Is it time to radically rethink and redesign food production and the urban ecosystem? Mokena Makeka and Rory Williams recommend that Cape Town gets serious about urban farming; not in the futuristic sense of grand vertical farms, but in the form of realistic low-barrier-to-entry subsistence farming that we can all participate in.
Where would we be without bees? Those hard-working insects give us honey, but more importantly they make agriculture possible. Without the pollination service they provide, we couldn’t grow fruit and many other foods.
Along with birds, worms, plants, water, sunshine and everything else that makes up a healthy ecosystem, they are at the heart of the economy. Their productivity contributes to ours. And yet they are ignored completely in the planning that goes into ensuring a healthy economy.
Farmers do use bees quite deliberately, of course, but our point is that when we consider the things that enable us – especially city residents – to be productive, we tend to have a very narrow focus.
Buildings themselves are productive if they support economic activity. Even a road or a taxi rank contributes to productivity by making it easier for us to reach our destinations, and so economists calculate their benefits when choosing projects to set in motion.
When transport, sewers, water pipelines, harbours and other infrastructure is inadequate, cities – or parts of them – stop being productive and go into decline.
These engineered enablers are obvious to planners, but we’re not very good at deciding how to improve the performance of cities in more subtle ways.
During the energy crisis of the 1970s, guidelines were produced for the optimal layout of suburbs so that houses could make best use of the sun as a heating source, and architects designed buildings that could tap this free energy. But the crisis subsided and these plans were quickly forgotten.
Like energy, urban food production has been a focus of attention in times of crisis in countries like Cuba, Britain and the US. But when the crisis fades, it reverts to a fringe activity.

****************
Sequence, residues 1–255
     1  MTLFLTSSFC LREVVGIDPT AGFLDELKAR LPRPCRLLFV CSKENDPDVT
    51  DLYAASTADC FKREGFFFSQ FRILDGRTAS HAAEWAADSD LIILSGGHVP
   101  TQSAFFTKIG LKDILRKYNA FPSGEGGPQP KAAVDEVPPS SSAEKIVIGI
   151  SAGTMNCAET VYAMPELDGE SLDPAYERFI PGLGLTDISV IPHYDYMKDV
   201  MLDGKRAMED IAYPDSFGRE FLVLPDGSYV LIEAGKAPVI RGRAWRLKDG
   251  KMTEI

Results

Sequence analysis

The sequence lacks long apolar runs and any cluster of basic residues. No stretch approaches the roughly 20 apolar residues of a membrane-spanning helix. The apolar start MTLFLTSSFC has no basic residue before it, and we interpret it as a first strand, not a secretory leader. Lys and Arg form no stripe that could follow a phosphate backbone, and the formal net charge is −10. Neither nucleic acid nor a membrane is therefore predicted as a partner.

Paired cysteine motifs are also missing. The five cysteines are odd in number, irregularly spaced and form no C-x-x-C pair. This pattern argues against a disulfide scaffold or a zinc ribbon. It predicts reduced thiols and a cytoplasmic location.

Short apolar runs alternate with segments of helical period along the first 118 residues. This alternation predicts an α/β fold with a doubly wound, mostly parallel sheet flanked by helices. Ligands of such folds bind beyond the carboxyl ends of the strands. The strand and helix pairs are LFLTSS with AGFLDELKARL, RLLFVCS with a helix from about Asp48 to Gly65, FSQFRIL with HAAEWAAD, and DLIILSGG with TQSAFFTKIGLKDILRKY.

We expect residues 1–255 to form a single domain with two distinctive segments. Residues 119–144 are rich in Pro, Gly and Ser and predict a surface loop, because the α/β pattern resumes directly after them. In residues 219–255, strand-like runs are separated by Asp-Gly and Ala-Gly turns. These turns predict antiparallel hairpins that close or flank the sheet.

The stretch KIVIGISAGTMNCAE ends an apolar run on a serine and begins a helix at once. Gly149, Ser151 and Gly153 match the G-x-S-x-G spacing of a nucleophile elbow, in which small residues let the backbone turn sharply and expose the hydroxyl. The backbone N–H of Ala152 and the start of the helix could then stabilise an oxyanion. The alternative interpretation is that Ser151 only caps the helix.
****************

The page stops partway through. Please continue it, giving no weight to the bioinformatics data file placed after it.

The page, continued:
There are people and organisations like Abalimi Bezekhaya promoting urban agriculture in Cape Town. This could have significant benefits for our multiple crises of health, education and poverty, but it has failed to catch on.
Our crises, it would seem, are not extreme enough to turn an inspiring but marginal activity into a mainstream form of production.
The public view of urban agriculture is dominated by two polar images: retirees pottering about their allotment gardens in London, growing a few carrots and lettuce, and fantastical designs of high-tech vertical farms of the future.
Expanding food production will be one of the keys to supporting the growing population, which means eventually we’ll need the more intense forms of production that vertical farms provide, and with increasing production will come the ability to locate these food factories in urban areas.
But before we grow upwards, there is much that is possible on underutilised urban sites. Cape Town could benefit enormously from a strong urban agriculture industry that trains residents to grow food in corners of their city, gardens and houses, and educates them in running a business that moves them from subsistence to producing a surplus that is part of the city’s food supply.
It’s an industry with low barriers to entry, and is easy to scale up and develop into job-creating businesses.
Entrepreneurs who start in the city, where there is easy access to support, supplies and markets, could expand to rural areas and contribute to improved success of rural land reform programmes.
Urban agriculture can also be part of building community, and if it is consciously considered in city planning, it can be one of the cornerstones of developing neighbourhoods where people learn to work together to shape their environment.
In her book Hungry City, Carolyn Steel writes that food is “capable of transforming not just landscapes, but political structures, public spaces, social relationships, [and] cities.”
Urban agriculture needs structures and services to support it, such as Detroit's Garden Resource Program Collaborative (GRP), a network of more than 850 thriving Detroit gardens. The director of urban agriculture at Greening of Detroit, Ashley Atkinson, says “these gardeners continue to provide all of the benefits that urban gardens bring to Detroit neighborhoods year after year, such as food access, neighborhood stability, property-value increases, crime reduction, social capital, and youth enrichment.”
Other cities are promoting similar concepts, but ultimately agriculture needs to be economically viable, have policy and regulatory support, and be part of new partnerships among institutions that deal with a range of existing urban challenges.
The City of London has recognised immense public engagement potential, hinting that agriculture could enhance the governance and leadership needed to improve service delivery on a range of fronts. Urban agriculture is something we simply must get serious about trying.
The Men About Town column by Mokena Makeka and Rory Williams is published every Monday in the Cape Times newspaper.